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Rosalind Elsie Franklin was a British chemist who made a major contribution in the discovery of DNA’s double helix structure. She also contributed in the foundations of the structure of viruses, particularly the tobacco mosaic virus. Rosalind Franklin’s contributions and studies became some of the most important foundations of science.
See the fact file below for more information on the Rosalind Franklin or alternatively, you can download our 24-page Rosalind Franklin worksheet pack to utilise within the classroom or home environment.
Key Facts & Information
EARLY LIFE & FAMILY
- Rosalind Franklin was born on July 25, 1920 in Notting Hill, London.
- She was born into an prominent and wealthy British-Jewish family.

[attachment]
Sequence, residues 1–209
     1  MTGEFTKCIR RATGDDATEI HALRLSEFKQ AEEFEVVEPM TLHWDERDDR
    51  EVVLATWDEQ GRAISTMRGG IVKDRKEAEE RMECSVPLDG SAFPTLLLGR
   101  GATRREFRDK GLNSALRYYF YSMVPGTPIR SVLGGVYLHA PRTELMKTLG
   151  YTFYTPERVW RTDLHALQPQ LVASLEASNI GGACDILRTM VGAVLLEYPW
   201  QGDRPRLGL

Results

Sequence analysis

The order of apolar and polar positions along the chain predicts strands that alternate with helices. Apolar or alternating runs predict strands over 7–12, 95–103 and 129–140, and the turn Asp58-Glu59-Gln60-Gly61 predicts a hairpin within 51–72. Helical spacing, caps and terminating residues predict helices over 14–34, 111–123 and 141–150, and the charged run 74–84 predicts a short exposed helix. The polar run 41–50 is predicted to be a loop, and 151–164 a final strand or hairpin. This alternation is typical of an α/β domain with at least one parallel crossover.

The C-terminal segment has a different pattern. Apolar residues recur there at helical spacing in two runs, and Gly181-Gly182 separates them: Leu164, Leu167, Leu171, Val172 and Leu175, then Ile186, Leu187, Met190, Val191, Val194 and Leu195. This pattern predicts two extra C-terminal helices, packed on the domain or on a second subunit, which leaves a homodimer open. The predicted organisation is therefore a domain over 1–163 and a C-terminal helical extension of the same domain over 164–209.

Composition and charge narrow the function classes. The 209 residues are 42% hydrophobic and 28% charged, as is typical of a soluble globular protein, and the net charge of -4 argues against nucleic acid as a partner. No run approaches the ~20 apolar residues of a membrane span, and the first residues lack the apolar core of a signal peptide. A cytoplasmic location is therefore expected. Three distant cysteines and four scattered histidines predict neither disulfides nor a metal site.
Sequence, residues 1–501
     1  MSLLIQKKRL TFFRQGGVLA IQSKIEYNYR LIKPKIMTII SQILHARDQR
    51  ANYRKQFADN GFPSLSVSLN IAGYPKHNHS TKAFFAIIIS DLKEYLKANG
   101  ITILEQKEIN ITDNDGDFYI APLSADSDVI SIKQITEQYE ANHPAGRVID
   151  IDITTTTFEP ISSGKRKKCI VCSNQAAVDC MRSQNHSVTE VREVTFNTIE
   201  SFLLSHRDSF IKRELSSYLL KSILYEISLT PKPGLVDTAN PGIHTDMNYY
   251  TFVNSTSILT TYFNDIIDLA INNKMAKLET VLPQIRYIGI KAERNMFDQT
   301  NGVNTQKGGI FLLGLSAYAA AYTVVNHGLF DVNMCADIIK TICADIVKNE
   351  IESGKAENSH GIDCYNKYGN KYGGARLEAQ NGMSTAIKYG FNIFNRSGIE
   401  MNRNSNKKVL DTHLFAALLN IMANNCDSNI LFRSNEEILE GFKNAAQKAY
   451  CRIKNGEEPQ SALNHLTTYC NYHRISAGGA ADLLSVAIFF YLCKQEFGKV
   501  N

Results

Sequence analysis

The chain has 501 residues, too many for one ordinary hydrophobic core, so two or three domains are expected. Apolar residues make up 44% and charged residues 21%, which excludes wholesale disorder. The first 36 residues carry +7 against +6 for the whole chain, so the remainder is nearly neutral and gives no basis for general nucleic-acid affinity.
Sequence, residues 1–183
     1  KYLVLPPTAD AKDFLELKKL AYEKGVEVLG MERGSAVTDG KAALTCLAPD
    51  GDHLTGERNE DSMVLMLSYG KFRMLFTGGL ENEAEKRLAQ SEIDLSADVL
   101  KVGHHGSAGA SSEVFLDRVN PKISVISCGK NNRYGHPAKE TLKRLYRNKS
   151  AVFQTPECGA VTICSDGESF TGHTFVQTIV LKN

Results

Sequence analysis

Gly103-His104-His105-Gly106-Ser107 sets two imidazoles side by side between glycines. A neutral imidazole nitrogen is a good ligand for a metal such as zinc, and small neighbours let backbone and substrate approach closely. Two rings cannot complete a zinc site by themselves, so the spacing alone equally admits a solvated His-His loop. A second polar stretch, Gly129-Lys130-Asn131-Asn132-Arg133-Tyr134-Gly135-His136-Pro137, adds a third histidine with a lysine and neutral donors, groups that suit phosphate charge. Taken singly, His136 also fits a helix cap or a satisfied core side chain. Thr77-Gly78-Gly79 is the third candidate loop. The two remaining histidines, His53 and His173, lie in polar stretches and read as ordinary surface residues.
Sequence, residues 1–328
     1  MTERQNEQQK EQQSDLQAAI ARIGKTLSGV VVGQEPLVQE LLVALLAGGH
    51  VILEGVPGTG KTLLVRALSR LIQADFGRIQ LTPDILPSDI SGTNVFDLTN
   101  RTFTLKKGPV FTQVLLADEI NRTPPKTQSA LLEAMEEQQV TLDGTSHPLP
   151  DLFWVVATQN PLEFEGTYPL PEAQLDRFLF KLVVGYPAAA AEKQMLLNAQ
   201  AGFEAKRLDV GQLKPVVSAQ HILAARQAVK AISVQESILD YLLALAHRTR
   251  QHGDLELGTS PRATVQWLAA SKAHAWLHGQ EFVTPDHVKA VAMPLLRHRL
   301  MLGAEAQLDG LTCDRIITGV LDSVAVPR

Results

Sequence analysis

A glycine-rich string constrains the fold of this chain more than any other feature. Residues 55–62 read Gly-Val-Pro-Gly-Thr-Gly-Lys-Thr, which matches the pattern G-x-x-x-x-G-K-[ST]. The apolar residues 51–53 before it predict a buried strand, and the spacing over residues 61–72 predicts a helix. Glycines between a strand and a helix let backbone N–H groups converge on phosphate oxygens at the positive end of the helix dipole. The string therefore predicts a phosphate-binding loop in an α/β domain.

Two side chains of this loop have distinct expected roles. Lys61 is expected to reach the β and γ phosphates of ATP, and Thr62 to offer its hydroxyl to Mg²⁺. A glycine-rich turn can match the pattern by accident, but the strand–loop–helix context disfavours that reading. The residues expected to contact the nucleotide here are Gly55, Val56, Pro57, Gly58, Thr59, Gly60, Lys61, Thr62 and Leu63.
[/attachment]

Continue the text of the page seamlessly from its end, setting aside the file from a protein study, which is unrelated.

- Her parents were Ellis Arthur Franklin and Muriel Frances Waley.
- Rosalind had four siblings – David, Colin, Roland, and Jenifer – and she was born the second child.
- Her middle name, “Elsie,” was taken after her uncle’s wife.
- Her father taught at the Working Men’s College.
- He imparted knowledge on the topics of magnetism, electricity, magnetism, and the history of the Great War.
- Her father eventually became Vice Principal of the Working Men’s College.
- As a child, Rosalind was an exceptional and clever student.
- She entered Norland Place School, a private school in West London at the age of six.
- When she was nine, she began to attend Lindores School for Young Ladies, a boarding school in Sussex.
- When she was eleven, she entered St Paul’s Girls’ School, an all girls school in West London where physics and chemistry was taught.
- Young Rosalind excelled in science, sports, and Latin.
- She also became fluent in French.
- She was always at the top of her class and she would reap academic awards every year.
- Because of her excellent academic record, she was able to get a scholarship for university in 1938.
- Her father asked her to award the scholarship to a refugee student who needed the scholarship more instead.